His value isn't what it was after 2006. By his enormous standards, he had a substandard 2007 season, going 15-13 with a 3.33 ERA. He gave up 33 home runs, nine more than his previous career high, and scouts have mentioned subtle warning signs, such as his reluctance to throw his slider.
In any Santana trade, the Twins might want an established star, such as Robinson Cano or Jose Reyes, along with multiple prospects. But that is a pipe dream.
The game has changed. Teams are far more reluctant to part with young, established stars.
In 1998, the Twins shipped Chuck Knoblauch to the Yankees for Cristian Guzman, Eric Milton, Brian Buchanan and Danny Mota. Guzman and Milton became All-Stars for the Twins.
But the Yankees have become wiser in recent years. So have the Red Sox.
And for all his credentials, Santana isn't even the most coveted player on the trade market. That would be Marlins third baseman Miguel Cabrera.
Asked which one would bring the bigger return, one National League scout said Cabrera, adding, "it's not even a discussion."
The 24-year-old Cabrera could transform a lineup with his righthanded bat. And he's not eligible for free agency until after 2009.
The Marlins have been shopping Cabrera all month and have yet to find the right match.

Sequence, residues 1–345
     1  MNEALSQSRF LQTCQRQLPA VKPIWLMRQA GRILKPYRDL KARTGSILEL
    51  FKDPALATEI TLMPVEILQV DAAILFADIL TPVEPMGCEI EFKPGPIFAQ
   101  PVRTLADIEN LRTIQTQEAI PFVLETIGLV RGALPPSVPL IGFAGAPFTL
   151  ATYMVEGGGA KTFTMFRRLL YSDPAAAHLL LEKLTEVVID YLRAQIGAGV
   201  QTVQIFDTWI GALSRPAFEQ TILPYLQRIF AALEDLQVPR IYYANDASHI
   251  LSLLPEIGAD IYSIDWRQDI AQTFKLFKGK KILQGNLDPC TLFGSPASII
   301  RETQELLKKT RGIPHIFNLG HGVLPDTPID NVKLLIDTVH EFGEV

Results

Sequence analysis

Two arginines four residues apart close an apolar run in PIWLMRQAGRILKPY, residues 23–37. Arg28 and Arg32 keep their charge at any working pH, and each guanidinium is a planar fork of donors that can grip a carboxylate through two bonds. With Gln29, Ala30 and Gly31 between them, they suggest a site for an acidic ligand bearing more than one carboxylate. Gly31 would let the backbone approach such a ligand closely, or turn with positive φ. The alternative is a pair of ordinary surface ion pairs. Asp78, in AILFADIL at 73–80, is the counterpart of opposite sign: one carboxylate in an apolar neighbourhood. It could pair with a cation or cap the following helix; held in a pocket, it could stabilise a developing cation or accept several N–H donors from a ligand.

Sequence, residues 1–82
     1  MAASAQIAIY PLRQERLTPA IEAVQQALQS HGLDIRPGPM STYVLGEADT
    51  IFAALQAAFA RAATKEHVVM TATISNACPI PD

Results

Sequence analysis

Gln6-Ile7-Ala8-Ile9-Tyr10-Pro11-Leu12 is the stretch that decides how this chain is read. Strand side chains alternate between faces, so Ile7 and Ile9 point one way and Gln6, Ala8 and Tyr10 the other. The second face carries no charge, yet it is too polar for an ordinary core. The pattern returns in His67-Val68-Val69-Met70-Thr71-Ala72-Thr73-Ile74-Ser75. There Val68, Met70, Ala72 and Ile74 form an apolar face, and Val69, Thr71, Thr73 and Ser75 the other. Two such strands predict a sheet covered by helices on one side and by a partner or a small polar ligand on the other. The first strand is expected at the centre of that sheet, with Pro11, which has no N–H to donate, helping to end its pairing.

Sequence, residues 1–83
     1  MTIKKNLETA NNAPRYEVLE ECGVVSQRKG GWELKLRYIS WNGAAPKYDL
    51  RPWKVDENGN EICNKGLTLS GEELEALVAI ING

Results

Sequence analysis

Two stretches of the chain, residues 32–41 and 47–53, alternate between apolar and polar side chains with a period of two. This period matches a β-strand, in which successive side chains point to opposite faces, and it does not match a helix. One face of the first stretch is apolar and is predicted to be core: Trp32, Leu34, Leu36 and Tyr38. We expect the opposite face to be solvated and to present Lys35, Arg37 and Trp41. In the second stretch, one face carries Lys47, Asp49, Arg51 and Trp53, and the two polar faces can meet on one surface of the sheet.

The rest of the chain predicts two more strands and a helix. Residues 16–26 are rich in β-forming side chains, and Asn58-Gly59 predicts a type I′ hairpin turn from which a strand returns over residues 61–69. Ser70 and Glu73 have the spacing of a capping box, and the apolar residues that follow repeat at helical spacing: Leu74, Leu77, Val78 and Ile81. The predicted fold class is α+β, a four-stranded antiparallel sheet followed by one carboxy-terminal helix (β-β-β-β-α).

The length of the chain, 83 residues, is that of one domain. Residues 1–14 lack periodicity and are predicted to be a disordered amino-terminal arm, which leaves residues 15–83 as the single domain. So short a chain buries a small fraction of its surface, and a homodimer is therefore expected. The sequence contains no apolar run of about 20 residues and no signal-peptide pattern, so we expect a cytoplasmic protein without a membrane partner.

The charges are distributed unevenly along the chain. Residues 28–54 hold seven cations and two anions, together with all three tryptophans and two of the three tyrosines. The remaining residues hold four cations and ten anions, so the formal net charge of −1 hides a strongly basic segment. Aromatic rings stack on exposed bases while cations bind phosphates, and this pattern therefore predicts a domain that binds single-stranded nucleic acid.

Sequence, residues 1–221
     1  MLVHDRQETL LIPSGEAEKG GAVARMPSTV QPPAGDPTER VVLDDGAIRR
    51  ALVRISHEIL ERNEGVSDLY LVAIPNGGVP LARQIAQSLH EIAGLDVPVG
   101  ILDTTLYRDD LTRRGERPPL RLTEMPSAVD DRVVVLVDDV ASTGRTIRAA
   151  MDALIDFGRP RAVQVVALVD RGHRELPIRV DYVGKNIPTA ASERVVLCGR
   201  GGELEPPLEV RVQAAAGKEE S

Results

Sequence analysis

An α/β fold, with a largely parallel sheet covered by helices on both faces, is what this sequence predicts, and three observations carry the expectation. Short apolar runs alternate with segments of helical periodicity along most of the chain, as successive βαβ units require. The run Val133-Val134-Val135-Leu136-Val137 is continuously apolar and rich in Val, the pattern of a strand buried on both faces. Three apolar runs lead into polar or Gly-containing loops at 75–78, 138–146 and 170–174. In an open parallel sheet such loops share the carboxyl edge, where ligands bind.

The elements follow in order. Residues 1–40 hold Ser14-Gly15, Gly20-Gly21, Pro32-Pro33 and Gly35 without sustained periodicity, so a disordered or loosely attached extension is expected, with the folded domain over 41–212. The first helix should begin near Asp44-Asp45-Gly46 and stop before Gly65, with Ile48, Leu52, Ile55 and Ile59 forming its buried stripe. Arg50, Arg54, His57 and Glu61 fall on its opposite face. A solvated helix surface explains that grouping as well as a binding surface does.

The good thing is, it only takes one team to make the process all worthwhile.
When the Twins traded Pierzynski four years ago, they had the Giants bidding against the Cubs. The Twins weren't satisfied with either offer until the Giants agreed to include Liriano as a throw-in.
For Santana, the Twins could get five or more teams into the sweepstakes.
The Mets have the biggest need. They are desperate for starting pitching.
The Yankees need a front-line starter, too. And since the Yankees are interested, the Red Sox are too, if only to drive up the Yankees' price.
Ultimately, the Twins will have their pick of some good offers. But probably nothing that would make their fans forgive them for giving up a pitcher who is 93-44.
Joe Christensen firstname.lastname@example.org